Helen Sartory's ANDRODES at Vault Festival

Helen Sartory’s ANDRODES at Vault Festival

But I might well be preaching to the converted. VAULT Festival are doing a mini Proxima V programme– or in their words, ‘a carefully selected strand of sci-fi and space shows designed to make you smile, and make you think about where we’re all headed.’ This is truly wonderful. When Team Astronaut asked them why they programmed it, VAULT revealed they didn’t have any big masterplan to get more sci-fi on stage. They looked at the submissions, and saw what people were writing about – and there was oodles and oodles of these space stories. People are thinking about this, writing about this – and I’m so happy the festival has grabbed the theme and ran with it. There is something so joyful and uninhibited about stories that are bigger than humanity, yet simultaneously so human. That’s the mismatch of scale I’m talking about right there – looking at the wonders of creation through flawed and blinking eyes.

Maybe I’m being simplistic with the term sci-fi. Maybe it isn’t healthy to be so steadfast with labels, not in the theatre. Caryl Churchill has done cloning, countless writers have done dystopians…and hey there must be loads more, because I just don’t know. And why don’t I know? Well, up until recently, my sci-fi love and my theatre love didn’t overlap. I thought sci-fi was fun, and I thought theatre was ‘serious’. Forgive me, I was late to the plays, and I’m certainly making up for lost time – but even though I now know how playful plays can be, I’d still worry how far I’d be allowed to go. We had a big chat about whether to even say that ASTRONAUTS is sci-fi, because that might put people off coming. I mean, in the end, there’s an astronaut on the flyer and we’ve got Sophie Steer and Rakhee Thakrar leaping through universes, so people should know what they’re getting.

An exploded puzzle board. Photo: Richard Davenport

An exploded puzzle board. Photo: Richard Davenport

Yet if I worry about acknowledging sci-fi on stage, I should remember the night I saw Pomona. And man, that was the gut punch I needed. It’s funny, because Ali McDowall has argued it isn’t even science fiction, but there’s something inescapable about the alienation of a landscape and the evocation of space-faring beings that feels so…almost science fiction. Perhaps we need a new term for this nearly sci-fi – sci-fi-nigh? – because I’m seeing and feeling these plays that are brimming with such expansive imagery. Simon Longman’s Sparks red-shifts into space for its closing moments; Nathan Lucky Wood’s A Haunting (also playing at VAULT) is forever on the cusp of cyberspace; Anne Washburn’s Mr Burns grounds us in a post-electric dystopia where The Simpsons characters become Gods larger than Cthulhu. My first play, The Dogs of War, is weird and wonderful in its own right, and perhaps there’s a glimmer of the geek with the video gaming elements, but Astronauts is my first all-out inter-dimensional dive. So blurred are the lines now, so expansive is our technological advance, that Pandora’s box is open and the aliens aren’t climbing back inside any time soon.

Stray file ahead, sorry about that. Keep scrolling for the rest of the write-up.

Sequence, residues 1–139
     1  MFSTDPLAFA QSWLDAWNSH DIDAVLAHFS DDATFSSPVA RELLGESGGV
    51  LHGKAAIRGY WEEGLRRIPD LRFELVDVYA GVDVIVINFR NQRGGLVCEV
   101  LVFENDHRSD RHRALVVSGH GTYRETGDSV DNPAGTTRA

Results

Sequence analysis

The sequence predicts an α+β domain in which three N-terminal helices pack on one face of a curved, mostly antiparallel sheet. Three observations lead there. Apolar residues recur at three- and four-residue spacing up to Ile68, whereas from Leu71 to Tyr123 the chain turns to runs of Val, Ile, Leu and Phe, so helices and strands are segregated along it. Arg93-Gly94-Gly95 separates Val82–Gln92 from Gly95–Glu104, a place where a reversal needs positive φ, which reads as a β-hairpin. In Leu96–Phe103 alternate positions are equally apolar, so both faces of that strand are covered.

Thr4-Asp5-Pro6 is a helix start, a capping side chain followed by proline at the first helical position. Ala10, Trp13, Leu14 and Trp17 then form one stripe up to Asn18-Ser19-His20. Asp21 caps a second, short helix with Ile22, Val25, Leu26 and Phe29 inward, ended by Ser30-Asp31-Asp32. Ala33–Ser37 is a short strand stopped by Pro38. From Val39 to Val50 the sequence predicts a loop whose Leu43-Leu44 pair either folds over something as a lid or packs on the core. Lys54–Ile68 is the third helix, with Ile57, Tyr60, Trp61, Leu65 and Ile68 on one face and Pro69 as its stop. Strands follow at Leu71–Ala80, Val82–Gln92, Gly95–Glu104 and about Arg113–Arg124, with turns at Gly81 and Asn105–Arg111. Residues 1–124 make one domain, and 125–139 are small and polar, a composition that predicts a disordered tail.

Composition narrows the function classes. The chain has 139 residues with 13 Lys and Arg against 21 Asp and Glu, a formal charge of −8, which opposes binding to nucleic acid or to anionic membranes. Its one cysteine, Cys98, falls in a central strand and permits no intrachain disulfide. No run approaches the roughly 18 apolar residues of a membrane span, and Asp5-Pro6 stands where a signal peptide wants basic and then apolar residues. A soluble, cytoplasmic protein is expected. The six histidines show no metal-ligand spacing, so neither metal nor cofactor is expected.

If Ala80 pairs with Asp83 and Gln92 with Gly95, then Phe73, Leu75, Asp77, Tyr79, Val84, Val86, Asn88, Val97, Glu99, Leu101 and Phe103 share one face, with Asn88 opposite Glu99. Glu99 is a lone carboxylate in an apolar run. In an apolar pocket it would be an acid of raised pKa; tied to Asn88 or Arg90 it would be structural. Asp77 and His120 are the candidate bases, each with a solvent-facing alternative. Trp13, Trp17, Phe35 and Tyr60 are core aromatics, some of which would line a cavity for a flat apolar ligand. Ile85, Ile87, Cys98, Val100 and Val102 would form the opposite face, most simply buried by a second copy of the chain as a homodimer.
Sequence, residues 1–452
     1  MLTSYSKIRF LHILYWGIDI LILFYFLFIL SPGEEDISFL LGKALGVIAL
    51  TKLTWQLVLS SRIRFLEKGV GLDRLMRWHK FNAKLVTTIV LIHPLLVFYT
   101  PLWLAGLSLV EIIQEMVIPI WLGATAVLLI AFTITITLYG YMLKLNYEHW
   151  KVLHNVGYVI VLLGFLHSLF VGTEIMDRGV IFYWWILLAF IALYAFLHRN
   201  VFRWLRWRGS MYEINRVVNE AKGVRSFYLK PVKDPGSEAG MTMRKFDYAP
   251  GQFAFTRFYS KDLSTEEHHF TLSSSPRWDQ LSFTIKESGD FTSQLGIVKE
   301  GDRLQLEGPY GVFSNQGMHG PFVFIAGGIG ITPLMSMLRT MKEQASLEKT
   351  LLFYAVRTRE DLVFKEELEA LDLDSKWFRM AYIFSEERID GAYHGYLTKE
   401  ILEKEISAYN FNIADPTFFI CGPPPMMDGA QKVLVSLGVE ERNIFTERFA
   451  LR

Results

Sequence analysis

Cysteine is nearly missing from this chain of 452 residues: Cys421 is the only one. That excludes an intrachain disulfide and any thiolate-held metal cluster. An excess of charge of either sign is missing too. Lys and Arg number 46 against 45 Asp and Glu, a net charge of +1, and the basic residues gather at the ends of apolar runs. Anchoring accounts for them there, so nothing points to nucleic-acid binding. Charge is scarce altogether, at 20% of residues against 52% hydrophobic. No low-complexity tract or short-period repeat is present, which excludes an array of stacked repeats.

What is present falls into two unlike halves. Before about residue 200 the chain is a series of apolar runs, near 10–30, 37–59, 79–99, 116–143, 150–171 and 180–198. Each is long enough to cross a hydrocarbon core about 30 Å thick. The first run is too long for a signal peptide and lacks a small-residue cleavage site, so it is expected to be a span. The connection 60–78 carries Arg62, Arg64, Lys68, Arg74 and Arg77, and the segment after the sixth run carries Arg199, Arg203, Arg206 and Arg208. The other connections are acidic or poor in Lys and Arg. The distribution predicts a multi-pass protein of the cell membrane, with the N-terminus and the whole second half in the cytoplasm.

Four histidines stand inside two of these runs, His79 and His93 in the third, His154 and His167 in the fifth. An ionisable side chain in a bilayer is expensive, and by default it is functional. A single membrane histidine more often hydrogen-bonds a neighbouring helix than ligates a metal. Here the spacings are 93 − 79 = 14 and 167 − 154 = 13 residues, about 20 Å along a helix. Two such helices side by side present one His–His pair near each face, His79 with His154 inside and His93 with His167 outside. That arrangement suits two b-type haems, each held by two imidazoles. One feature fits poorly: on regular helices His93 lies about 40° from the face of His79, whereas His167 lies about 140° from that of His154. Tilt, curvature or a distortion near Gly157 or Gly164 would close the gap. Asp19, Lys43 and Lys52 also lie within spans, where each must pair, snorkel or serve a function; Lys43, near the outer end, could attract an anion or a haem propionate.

Nobody wants sci-fi for the sake of it. I wouldn’t immediately argue against a Hamlet set in space (I have a wonderful visual of the end fight with lightsabers), but the reason you do anything in any certain way is because that way is necessary to the thing you want to do. That’s a really roundabout way of saying WHY DO IT, and if the answer is ‘because it’s fun’, then cool, great, run with that. But so often the great thing about science fiction is the fresh take it provides on an old problem. My grandma used to say there was nothing new under the sun, but let’s find a new sun, let’s tell stories of romance and immigration and change and loneliness in entirely novel ways. Think of Čapek’s robots – a stark portrayal of dehumanised labour if ever there were one. Astronauts is a Brexit sci-fi. Spoilers – we don’t mention Brexit once. We don’t have to. You’ll see why.

So let this be a rallying cry: embrace the weird. The big ideas, the bold new visions – where are they? We’re heading into the 21st century, we’re gonna yet be inventing words like ‘robot’ for things we can only dream of at the moment. And we do have those dreams. We all have these outlandish expectations and imaginative visions of what happens next. What Happens Next – the fundamental question the storyteller asks. So artists, please – bask in the sc-fi. Put the stars and beyond onstage. Especially if you think you don’t like it, because you’re EXACTLY the person to bring something new to it. Let the ‘science’ be huge, vast, unstageable. Let the ‘fiction’ be hard, honest, human.

Astronauts of Hartlepool is on at Vault Festival from Feb 1-8. For more info, visit the Vault Festival website